Learn how to process your content separately so you can write the minimal amount of framework code and easily switch to a new framework in the future, with the added benefit of easier maintainability.
Open-source developer tools and the communities surrounding them are the backbone of what makes life great as a web developer.
It's often super motivating to jump into start using an open-source tool. Doing so benefits the community. But, it's still important to make decisions on open-source tooling as you would in working with any other product.
If you intertwine your project too tightly within some tool, it can be more difficult to move away from it. And if your project is successful, your tooling will evolve.
One area in which I've noticed how easy it is to get locked-in is in working with site frameworks.
Some site frameworks have a strong opinion about how you should handle your content. This is great when you're starting out and trying to learn the framework, but the more you rely on it, the harder it becomes to move away from it. You end up writing more and more code that's specific to that framework, making it harder to switch to something else in the future.
It's not that you should always be ready to move. It's generally not wise to regularly change tooling. Then you're constantly reinventing, and it's distracting from what you're trying to accomplish.
However, if your project is successful, it will evolve over time. And that evolution will typically require reconsidering tooling at some point. When that time comes, you want to be able to choose the tooling that is best for the project and organization, and not because a move is inconvenient.
Expecting to evolve is a great way to set yourself up for success when it's time to make a major change. This is a helpful filter to use when choosing tooling or designing your architecture.
One way to avoid getting locked into a particular framework or tool is to process your content separately.
Many frameworks have the ability to accept ready-to-go content that's been processed in some other way. By processing your content separately, you can write the minimal amount of framework code possible and only have to move your templates if you decide to adopt a new framework.
Getting started with processing your content separately can seem daunting, but it's not as hard as it sounds.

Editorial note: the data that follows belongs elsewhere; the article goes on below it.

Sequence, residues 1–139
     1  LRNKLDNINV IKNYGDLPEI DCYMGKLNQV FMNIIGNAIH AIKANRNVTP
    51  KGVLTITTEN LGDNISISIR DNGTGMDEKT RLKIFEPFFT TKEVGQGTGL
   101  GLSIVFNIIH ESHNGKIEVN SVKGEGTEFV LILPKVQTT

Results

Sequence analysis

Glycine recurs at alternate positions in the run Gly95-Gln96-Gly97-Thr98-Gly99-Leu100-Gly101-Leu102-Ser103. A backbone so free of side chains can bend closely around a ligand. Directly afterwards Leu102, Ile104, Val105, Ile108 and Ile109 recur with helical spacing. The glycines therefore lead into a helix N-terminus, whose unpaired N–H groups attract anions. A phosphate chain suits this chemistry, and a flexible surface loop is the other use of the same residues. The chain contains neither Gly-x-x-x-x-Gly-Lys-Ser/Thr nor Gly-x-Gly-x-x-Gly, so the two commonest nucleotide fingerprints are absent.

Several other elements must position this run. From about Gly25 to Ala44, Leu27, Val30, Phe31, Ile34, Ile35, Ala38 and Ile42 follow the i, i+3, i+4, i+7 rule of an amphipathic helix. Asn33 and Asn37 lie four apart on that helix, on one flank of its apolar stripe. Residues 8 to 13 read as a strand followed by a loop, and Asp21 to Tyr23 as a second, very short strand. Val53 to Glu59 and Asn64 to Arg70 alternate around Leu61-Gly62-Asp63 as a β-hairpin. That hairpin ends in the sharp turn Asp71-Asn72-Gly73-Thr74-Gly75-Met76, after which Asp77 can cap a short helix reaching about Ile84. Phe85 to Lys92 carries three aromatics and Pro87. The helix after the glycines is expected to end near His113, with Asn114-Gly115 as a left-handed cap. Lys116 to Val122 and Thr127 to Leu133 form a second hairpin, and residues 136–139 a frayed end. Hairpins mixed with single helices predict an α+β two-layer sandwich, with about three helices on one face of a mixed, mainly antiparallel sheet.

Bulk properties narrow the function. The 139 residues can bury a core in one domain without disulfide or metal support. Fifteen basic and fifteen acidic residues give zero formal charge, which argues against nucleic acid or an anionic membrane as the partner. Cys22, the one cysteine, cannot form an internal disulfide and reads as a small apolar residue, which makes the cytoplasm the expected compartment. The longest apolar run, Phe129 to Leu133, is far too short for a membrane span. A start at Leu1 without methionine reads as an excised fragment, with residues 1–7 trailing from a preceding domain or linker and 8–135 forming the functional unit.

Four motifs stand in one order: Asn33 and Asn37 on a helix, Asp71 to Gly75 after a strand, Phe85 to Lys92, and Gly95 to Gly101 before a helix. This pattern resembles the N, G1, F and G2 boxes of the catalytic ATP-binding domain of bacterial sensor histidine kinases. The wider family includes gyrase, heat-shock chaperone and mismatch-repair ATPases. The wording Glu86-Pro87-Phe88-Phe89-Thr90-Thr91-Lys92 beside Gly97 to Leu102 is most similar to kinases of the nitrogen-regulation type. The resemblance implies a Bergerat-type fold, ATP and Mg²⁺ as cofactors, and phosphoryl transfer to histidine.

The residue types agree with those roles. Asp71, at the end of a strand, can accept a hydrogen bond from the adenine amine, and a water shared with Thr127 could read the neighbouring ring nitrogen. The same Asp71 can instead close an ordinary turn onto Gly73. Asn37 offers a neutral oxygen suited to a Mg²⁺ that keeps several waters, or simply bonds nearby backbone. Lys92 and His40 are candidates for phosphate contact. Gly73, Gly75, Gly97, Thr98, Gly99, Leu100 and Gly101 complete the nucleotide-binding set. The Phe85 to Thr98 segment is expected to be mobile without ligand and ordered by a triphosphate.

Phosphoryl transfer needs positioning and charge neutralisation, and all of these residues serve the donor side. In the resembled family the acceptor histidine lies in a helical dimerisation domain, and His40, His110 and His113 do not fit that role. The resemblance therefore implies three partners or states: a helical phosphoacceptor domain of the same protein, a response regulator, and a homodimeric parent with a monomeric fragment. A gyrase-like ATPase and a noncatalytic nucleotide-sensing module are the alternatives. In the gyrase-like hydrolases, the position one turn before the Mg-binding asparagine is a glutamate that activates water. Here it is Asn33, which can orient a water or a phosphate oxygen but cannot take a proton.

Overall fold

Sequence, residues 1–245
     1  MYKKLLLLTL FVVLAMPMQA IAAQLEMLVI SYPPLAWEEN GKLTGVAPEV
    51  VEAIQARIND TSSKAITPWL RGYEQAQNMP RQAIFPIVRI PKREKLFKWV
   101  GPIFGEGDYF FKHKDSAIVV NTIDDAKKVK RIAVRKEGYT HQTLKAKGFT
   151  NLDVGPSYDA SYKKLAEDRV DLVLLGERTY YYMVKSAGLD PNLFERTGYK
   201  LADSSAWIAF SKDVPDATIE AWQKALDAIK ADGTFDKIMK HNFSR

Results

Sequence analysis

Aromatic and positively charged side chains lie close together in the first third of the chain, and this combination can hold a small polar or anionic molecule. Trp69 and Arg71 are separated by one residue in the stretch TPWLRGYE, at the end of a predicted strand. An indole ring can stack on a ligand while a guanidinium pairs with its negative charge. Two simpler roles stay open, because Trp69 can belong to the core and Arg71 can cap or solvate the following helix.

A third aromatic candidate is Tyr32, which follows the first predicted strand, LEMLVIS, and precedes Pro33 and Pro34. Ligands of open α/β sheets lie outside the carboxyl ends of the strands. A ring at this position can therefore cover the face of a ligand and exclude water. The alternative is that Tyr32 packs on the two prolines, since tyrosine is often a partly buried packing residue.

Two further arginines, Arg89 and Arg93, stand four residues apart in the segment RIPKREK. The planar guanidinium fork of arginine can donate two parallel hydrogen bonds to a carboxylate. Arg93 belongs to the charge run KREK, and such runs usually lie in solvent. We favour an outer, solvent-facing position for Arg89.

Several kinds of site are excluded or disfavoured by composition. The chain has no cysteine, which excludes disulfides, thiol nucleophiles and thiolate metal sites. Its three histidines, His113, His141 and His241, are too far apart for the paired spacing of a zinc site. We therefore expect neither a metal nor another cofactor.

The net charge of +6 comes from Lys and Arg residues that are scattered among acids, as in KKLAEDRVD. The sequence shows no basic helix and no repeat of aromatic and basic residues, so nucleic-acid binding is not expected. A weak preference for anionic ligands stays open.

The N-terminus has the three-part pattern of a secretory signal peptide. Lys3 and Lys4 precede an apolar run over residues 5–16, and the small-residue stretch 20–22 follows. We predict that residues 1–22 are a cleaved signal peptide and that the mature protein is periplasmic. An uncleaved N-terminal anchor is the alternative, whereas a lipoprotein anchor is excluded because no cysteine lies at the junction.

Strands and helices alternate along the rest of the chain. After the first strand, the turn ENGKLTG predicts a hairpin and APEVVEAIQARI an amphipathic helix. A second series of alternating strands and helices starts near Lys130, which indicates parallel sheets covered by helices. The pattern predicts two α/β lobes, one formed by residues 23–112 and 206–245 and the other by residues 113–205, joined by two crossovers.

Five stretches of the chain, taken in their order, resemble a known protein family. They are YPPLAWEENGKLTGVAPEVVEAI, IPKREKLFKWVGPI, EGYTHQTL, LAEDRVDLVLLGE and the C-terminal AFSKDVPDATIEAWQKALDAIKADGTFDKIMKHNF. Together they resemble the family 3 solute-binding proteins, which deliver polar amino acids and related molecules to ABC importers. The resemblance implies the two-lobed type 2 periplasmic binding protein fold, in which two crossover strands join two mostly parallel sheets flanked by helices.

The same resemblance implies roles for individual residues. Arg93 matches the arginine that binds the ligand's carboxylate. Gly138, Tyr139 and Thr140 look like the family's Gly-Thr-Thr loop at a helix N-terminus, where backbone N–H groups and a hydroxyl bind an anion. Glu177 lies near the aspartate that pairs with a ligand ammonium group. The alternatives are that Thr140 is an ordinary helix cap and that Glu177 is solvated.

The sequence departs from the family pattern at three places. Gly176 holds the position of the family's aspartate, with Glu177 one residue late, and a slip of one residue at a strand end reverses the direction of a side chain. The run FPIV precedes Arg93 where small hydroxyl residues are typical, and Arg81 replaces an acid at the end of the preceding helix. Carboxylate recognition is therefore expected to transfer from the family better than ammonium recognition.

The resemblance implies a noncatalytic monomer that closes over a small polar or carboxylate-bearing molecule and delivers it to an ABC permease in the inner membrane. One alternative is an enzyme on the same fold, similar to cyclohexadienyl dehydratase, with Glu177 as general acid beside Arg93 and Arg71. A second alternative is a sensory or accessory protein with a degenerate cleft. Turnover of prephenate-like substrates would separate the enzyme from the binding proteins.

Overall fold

First, you'd choose where to store your content. This can be a headless CMS or any database-like service that can be accessed via an API.
Then you have to process (retrieve and transform) that content. There may be a tool for this. Or, you can write a script that retrieves content from the source, transforms it (more on this below), and caches it in some way that the framework code can use directly.
This way, if you move to a new framework, you can bring your content script and only have to rewrite the framework code.
A major part of this process is transforming content. In many cases, your front-end code may need to perform some logic on content before displaying it. Some examples of this include:
All of this is work that your content script can do, leaving very little logical code to the framework.
This process doesn't just make it easier to evolve. It also forces the code to be more modular. It puts all your content-processing logic in one place, rather than spreading it throughout the application.
While it's not the end of the world to embrace all the features of a given open-source framework, if you can make life easier for yourself in the future without adding much effort, it's worth the work.
Failure is not the end of the world, but a natural part of the learning process. Learn from your failures and don't let fear hold you back. Embrace the uncertainty, take risks, and find success faster.
I asked a friend of mine about the one thing that helped him level up as a developer. He said: “Seek discomfort.”
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